Updates from JPMorgan, Citigroup, Wells Fargo, and PNC Financial (NYSE:PNC) start the earnings season. The week saw a sharp improvement in their profit outlook due to a sell-off in U.S. Treasury bonds.
The difference between short-term rates and long-term rates is what determines a bank’s lending margins. Short-term rates should stay anchored near zero for the next two years.
The sharp rebound in cyclical stocks will stamp the banks’ Q4 results. This followed vaccine authorizations at the end of 2020.
Moreover, investors will also watch for updates on bad loan provisions, which fell sharply in Q3. This came after an initial surge in the previous three months.
Biden’s Stimulus Plans Received a Muted Response
Global stock markets shrugged at Biden’s stimulus plans, getting a muted response. It appeared to have discounted most of the $1.9 trillion in measures from his announcement on Thursday.
The Euro Stoxx 50, Nikkei, and the Shanghai Shenzhen CSI 300 were all down. Both the Euro Stoxx 50 and Nikkei lost 0.6%.
Biden’s stimulus included a top-up of $1,400 in direct payments to households. It also included aid for state and local governments. Additionally, other elements were all fiercely opposed by Republicans in the last session of Congress.
Chinese Tech Giants Removed from Blacklist
Biden’s announcement contained little to justify fresh buying. The markets’ anticipation of the event had already driven all three indices to record highs earlier in the week.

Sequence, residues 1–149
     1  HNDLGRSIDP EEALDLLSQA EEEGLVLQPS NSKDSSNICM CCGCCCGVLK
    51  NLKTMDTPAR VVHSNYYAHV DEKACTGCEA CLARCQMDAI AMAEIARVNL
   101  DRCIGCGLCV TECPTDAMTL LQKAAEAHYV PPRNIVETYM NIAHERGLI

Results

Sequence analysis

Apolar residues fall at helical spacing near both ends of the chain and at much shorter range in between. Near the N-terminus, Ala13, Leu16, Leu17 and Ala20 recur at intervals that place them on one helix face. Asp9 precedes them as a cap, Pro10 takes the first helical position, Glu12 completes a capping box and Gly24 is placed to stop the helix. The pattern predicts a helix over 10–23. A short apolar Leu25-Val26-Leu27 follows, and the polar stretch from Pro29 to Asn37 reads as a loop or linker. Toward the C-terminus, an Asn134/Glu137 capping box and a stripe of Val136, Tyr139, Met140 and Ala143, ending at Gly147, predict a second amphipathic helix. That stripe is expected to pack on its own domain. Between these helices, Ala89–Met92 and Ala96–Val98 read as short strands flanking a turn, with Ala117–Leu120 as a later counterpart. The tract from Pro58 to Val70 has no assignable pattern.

Dow Jones futures fell 141 points, or 0.5% by 6:30 AM ET (1130 GMT). S&P 500 futures also fell 0.5% and NASDAQ Futures lost 0.4%.
To be in focus later will include Alibaba (NYSE:BABA), Baidu (NASDAQ:BIDU), and Tencent Holdings (OTC:TCEHY). Tencent’s ADRs have left off the latest update to the U.S. blacklist on investment in Chinese firms.
However, the Hong Kong-listed mobile phone maker Xiaomi (OTC:XIACF) fell by over 10%. This was after they were surprisingly added to the list.
U.S. Retail Sales
Meanwhile, in other economic news, U.S. retail sales are likely to have fallen in December. This was under the impact of spreading lockdown measures. Lockdowns now appear to be flattening the U.S. COVID-19 infection curve.
At 8:30 AM ET, data due for release are likely to show a 0.2% drop, according to consensus forecasts. This would represent a second straight monthly drop.
Industrial production and producer price inflation data for December will also be out later. Recent data have shown that industry and manufacturing have held up better than consumer spending. That was during the latest surge in the coronavirus.